Growing Capable Kids

Capable children see themselves as competent and powerful.  They are able to handle challenges and age-appropriate tasks at each stage of development.  They can manage their own emotions and can get along with others. How can parents help their children develop this sense of capability?

  • Let your child try to do things on his own from a very young age. Don’t be too quick to jump in and fix. Step back and watch for a minute and be ready to support if needed.
  • Encourage rather than praise. “You worked hard on that,” or “Tell me about your project,” is more effective a more effective practice than praise.iStock_000010613159Small_2
  • Help your child learn that mistakes are opportunities to learn. As Ms. Frizzle of the Magic Schoolbus said, “Get messy. Take chances.”  Children can be encouraged to figure out what happened, how it happened and what to do differently next time.
  • Be curious and listen. Asking “What?” and “How” questions helps children begin to think things through.
  • Affirm your child’s ability to impact the world. This helps her see herself as powerful. All children will learn reasonable limits to their power (e.g. I can’t make the sun come out and neither can Mommy). The more opportunities your child has to influence their world, the more she will see herself as capable. (e.g. If I stand on this stool, I can turn flip the switch and light up the room)
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Creating Family Connections

Children develop an internal sense of who they are from birth. Relationships with others play a pivotal role in building their identity and sense of belonging.  This begins, of course, with primary caregivers and other family members, and then expands to include friends, school and community.

Giving children messages of love, respect, and encouragement empowers them to feel that they belong and that they matter.   They then have confidence to voice their views and opinions, to make decisions and to develop the skills they will need in life.

  • Know and support your infant’s natural rhythms (eating, sleeping) and respond to their needs consistently, and with congruency. That means feeding when they are hungry, changing when soiled, and soothing when upset.
  • Spend one-on-one time with toddlers, following their lead, allowing opportunity for interaction and affirmation. Invite them to talk about experiences and feelings.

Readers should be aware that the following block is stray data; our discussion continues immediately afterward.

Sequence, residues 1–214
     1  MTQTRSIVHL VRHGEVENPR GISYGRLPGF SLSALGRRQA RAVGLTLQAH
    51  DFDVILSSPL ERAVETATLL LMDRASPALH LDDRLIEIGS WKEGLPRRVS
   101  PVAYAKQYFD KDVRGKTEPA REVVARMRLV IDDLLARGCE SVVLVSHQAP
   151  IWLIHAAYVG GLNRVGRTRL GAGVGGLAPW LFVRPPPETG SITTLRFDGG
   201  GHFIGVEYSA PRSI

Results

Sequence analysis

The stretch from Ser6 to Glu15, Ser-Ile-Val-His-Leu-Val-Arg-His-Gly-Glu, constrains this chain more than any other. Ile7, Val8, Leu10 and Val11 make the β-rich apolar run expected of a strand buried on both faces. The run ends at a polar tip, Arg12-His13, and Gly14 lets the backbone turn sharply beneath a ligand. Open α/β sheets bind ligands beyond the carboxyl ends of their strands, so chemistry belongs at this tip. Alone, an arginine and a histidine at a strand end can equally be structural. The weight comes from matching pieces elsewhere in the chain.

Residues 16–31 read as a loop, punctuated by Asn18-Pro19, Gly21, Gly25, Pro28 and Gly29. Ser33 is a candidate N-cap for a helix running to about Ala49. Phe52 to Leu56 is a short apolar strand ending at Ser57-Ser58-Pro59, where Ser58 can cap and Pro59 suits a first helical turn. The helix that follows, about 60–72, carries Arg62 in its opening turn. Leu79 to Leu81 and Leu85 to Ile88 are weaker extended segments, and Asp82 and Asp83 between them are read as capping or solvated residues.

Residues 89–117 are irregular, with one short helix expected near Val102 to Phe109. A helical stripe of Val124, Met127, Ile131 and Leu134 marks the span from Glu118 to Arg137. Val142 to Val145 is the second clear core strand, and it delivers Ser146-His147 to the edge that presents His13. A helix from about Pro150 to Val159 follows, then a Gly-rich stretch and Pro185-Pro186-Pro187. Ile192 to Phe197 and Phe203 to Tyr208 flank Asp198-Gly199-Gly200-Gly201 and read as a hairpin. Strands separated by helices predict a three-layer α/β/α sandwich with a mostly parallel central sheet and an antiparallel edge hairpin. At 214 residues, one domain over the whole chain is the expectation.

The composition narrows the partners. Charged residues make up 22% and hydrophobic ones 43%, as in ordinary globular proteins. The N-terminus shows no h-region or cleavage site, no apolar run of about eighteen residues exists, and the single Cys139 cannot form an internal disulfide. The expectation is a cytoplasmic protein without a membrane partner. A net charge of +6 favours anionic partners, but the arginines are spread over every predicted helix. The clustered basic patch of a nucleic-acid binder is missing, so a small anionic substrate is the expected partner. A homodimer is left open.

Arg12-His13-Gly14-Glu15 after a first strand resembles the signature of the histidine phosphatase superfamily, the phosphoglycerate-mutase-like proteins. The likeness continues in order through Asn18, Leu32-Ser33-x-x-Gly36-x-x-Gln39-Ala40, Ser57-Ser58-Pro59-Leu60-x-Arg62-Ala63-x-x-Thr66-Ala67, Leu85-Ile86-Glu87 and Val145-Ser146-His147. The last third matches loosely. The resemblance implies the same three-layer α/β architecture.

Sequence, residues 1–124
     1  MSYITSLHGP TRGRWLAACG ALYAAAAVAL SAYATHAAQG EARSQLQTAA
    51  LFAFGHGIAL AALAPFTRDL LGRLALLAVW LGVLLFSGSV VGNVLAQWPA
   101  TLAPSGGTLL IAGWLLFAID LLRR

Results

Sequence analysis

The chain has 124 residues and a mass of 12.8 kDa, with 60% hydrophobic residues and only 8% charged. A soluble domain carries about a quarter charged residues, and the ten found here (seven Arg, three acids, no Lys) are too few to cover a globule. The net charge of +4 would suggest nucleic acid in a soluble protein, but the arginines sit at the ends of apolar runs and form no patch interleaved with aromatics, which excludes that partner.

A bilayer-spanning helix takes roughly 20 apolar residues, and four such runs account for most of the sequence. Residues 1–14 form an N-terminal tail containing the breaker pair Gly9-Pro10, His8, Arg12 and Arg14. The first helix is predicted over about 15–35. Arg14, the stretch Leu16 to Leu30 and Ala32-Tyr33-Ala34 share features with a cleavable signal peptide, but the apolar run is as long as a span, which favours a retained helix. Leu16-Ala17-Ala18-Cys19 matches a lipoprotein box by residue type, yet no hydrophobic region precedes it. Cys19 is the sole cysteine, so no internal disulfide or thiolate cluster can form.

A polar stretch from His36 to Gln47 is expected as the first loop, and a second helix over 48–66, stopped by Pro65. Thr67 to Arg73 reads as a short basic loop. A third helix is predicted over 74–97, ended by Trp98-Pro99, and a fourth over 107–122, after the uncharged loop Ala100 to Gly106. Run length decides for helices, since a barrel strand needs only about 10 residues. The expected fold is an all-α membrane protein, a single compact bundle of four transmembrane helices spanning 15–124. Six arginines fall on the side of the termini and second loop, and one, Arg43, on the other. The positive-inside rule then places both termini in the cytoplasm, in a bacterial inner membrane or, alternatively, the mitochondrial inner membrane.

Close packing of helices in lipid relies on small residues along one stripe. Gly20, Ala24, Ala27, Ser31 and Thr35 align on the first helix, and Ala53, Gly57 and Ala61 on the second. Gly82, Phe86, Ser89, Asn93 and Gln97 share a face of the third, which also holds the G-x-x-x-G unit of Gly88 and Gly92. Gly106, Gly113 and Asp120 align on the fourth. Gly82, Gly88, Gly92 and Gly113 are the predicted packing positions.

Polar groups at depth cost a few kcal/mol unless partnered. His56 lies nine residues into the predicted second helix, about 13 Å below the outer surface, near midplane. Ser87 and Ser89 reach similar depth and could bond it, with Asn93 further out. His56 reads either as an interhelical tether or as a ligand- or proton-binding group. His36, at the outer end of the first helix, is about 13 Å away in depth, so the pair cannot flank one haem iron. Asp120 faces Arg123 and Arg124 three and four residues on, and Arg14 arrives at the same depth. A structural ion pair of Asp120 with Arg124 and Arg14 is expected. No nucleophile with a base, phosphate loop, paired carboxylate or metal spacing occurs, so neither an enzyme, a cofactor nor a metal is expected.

• Support preschoolers in thinking about themselves, who they are, their abilities, and interests. Create opportunities for them to talk, listen and be heard.
  • Involve elementary age children in their community. Encourage them to understand and take part in customs or celebrations that reflect their culture and to experience the diversity of the wider community.iStock_000005516589Small
  • Encourage adolescents to talk with you about friends and developing relationships. What qualities are important to them in friends, teachers or teammates? How do they see themselves as a part of the groups to which they belong?

For all ages:

  • It is important to contribute to the family in useful ways. Brainstorm a list of family work. Invite your children to decide which tasks each child can do on a regular (daily) basis.
  • Clear guidelines and expectations also help children belong. One of the common mistakes is thinking that children only belong when they are happy. As parents it is not our job to keep our children happy. Connecting, setting limits, teaching appropriate behavior and having family customs and routines are all part of the job of being a parent.
  • Connect before correct. When your child misbehaves, it is helpful to remember to connect first. “I can tell you are mad, and in our family we don’t hit other people.”
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Building Belonging in a Community of Learners

Research tells us that in schools, students who feel a positive connection – a sense of belonging – with both peers and adults, are in general, more caring and ethical, less prone to behavior problems, and more academically motivated.  Children who feel a sense of identity within the group tend to be well-adjusted and successful.  How do we encourage that sense of belonging in our schools and classrooms?

  • First impressions are important. Create an inviting, welcoming entrance to your classroom.  Personalize with students’ names or photos in elementary school.